Andre Alice Norton (born Alice Mary Norton, February 17, 1912 – March 17, 2005) was an American writer of science fiction and fantasy, who also wrote works of historical fiction and contemporary fiction. She was the first woman to be Gandalf Grand Master of Fantasy, first woman to be SFWA Grand Master, and first inducted by the Science Fiction and Fantasy Hall of Fame.

In "Hindsight," Pete Lundquist and Jim McGregor have heard of Andre Norton, and thus find Michelle Gordian's masquerade as "Mark Gordian" acceptable.[18]

In Earthgrip, section "The Great Unknown," Norton's Star Man's Son is part of Jennifer Logan's class study material.[19]

Edward O'Reilly

Edward Sinnott "Tex" O'Reilly (August 15, 1880 – December 9, 1946) was an American soldier, international policeman, journalist and autobiographer. Ironically, his most enduring claim to fame may be the light-hearted, tongue-in-cheek series of Pecos Bill stories (beginning in 1917), which he claimed were not his own creations, but taken from Texas folklore. No prior cultural reference for Pecos Bill and his costars has ever been found, and O'Reilly is believed by many folklorists to have created them from whole cloth as a kind of "fakelore".

Frankos' "Slue-Foot Sue and the Witch in the Woods" depicts O'Reilly's characters Pecos Bill, Slue-foot Sue, Rat the snake, and Widow Maker the horse, who are all from the earliest published Bill stories. It also depicts Bean Hole the cook, who was created either by O'Reilly or James Cloyd Bowman, who took over Pecos Bill writing duty after O'Reilly moved on to other matters. Because of the checkered, haphazard publishing protocols of the magazines in which Bill appeared, the chronology of first appearances and correct credits can sometimes be difficult to determine.

Edgar Pangborn


Davy is also referenced in the Earthgrip story "The Great Unknown" as one of the studying tools in Jennifer Logan's class.[20]

Paul Bunyan

Paul Bunyan and Babe, drawn by William B. Laughead. Crumby and stupid? You be the judge.

Paul Bunyan is a fictional lumberjack in American and Canadian folklore, often depicted as a giant. His exploits revolve around the tall tales of his superhuman labors while accompanied by Babe the Blue Ox. Although errant references to Paul Bunyan can be found in obscure publications dating back to 1893, the first widely circulated version was a promotional pamphlet written by William B. Laughead (1882–1958) for the Red River Lumber Company. Bunyan is often considered "fakelore," as most elements of his popular image have no basis in pre-1916 references. As his original publications did not have their copyrights renewed, Paul has passed into the public domain. He has been the subject of various literary compositions, musical pieces, commercial works, and theatrical productions. His likeness is displayed in several oversized statues across North America.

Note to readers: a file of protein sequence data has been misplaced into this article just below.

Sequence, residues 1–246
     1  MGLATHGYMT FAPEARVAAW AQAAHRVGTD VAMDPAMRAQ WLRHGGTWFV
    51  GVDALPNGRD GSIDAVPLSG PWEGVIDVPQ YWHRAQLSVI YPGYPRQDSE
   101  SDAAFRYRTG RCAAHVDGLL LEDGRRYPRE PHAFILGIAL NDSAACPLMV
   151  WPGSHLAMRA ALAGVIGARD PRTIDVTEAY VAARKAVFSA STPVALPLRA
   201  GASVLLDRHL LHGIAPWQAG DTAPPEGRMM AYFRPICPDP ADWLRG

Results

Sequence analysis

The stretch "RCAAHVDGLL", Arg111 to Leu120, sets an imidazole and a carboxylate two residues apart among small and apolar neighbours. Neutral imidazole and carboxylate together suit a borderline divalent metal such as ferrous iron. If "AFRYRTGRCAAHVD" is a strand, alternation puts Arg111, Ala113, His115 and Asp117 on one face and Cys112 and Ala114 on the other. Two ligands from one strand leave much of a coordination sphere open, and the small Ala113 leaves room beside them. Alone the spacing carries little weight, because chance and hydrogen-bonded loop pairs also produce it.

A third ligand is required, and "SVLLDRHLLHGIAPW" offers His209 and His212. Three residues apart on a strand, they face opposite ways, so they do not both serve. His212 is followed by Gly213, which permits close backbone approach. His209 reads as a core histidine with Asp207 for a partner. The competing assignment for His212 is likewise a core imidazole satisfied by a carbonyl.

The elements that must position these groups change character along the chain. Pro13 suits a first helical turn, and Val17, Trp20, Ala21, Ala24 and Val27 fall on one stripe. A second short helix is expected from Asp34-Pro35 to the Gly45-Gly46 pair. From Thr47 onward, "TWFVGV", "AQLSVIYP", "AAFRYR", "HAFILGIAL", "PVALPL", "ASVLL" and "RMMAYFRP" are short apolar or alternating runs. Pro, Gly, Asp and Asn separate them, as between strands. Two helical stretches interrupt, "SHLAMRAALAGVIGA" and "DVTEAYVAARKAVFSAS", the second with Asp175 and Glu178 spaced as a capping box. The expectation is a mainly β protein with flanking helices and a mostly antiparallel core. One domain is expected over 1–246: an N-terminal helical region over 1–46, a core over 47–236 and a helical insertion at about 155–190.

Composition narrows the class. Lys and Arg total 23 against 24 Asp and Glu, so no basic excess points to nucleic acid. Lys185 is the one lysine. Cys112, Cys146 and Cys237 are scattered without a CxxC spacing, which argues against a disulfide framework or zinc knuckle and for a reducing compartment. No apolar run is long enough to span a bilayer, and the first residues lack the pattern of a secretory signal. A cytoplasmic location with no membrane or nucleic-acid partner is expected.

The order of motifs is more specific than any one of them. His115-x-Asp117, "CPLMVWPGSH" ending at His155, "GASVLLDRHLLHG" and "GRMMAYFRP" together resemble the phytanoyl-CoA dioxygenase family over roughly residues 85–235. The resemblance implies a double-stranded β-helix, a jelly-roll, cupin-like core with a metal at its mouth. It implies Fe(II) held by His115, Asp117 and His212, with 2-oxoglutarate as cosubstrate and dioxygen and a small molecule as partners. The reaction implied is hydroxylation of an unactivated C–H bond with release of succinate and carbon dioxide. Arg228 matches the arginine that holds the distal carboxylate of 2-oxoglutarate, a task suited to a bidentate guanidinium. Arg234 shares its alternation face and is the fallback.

In "The Catcher in the Rhine," Hagen Kriemheld remembers "this book about Paul Bunyan and Babe the giant Blue Ox," probably Laughead's version, from his 1930s childhood. He describes it as "a pretty crumby book with really stupid pictures." THe wall of flame guarding the castle which the man's guide Regin Fafnirsbruder seeks to enter, appears as strong enough to reduce Babe to short ribs and steaks in nothing flat.

See also

  • Pecos Bill, a similar folkloric hero of dubious authenticity.


Pindaros (Πίνδαρος, c. 518 – 438 BC) was a lyric poet from Thebes, Greece. Of the canonical nine lyric poets of ancient Greece, his work is the best preserved. Quintilian wrote, "Of the nine lyric poets, Pindar is by far the greatest, in virtue of his inspired magnificence, the beauty of his thoughts and figures, the rich exuberance of his language and matter, and his rolling flood of eloquence, characteristics which, as Horace rightly held, make him inimitable." Pindar was the first Greek poet to reflect on the nature of poetry and on the poet's role. His poetry illustrates the beliefs and values of Archaic Greece at the dawn of the classical period.